The Revolutions of 1848

The Revolutions of 1848

[Authors: Pat Murray and Daniel Harnett]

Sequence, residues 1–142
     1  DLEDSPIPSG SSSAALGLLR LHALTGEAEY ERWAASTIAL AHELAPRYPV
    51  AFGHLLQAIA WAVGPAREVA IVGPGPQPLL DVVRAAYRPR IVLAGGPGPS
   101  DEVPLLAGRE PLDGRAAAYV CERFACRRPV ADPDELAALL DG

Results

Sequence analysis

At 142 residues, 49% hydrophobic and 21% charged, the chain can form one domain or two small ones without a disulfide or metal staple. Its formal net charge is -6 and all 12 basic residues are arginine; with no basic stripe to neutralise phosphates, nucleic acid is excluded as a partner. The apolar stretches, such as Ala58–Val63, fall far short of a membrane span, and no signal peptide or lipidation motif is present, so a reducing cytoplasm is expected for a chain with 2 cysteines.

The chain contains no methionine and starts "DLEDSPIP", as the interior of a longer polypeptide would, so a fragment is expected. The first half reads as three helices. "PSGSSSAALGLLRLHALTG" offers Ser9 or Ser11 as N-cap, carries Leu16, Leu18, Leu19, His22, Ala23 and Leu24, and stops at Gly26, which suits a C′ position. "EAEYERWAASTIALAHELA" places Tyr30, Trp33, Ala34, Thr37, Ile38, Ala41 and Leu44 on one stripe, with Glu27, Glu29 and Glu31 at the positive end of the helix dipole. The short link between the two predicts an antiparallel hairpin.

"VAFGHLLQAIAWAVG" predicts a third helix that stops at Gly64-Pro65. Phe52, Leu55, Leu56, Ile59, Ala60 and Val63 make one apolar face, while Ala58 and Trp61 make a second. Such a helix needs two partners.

[Author: Pat Murray] Throughout Europe, 1848 is regarded as a year plagued by social unrest triggered political turmoil that redefined the socio-political relations that had been established by previous ruling dynasties in several countries. France spearheaded this wave of revolutions that overcame Europe. In February 1848 misrepresented French citizens enraged by 18 years of King Louise-Philipe’s July Monarchy (La Monarchie de Juillet) revolted against the crown. France’s civil society was dissatisfied by its constitutional monarchy and an elite-run national assembly, which was only representative of France’s privileged minority. Due to the 1835 Act prohibiting public assemblies, the French people could not gather in protest, so in turn they (mostly members of the Parisian middle class) developed a politically oriented, fund-raising dynamic called the Campagnes des Banquets in mid 1847 to destabilize Louise-Philipe’s monarchy. These banquets spread to other provinces and in turn were banned by the monarchy in December 1847. On January 27, 1848 French political thinker and historian Alexis De Tocqueville addressed the French Chamber of Deputies and predicted the coming revolution in his speech: “I am told that there is no danger because there are no riots; I am told that, because there is no visible disorder on the surface of society, there is no revolution at hand.... This, gentlemen, is my profound conviction: I believe that we are at this moment sleeping on a volcano. I am profoundly convinced of it ...”[1] One month after De Tocqueville’s address, on February 22, 1848, the crowds, enraged by the banning of the banquets, took to the streets in riot calling for reform and demanding that the “Bourgeois Monarch” Louis-Philippe and his prime minister Francois Guizot step down. Louis-Philippe abdicated and Guizot resigned as Prime Minister on February 24, 1848.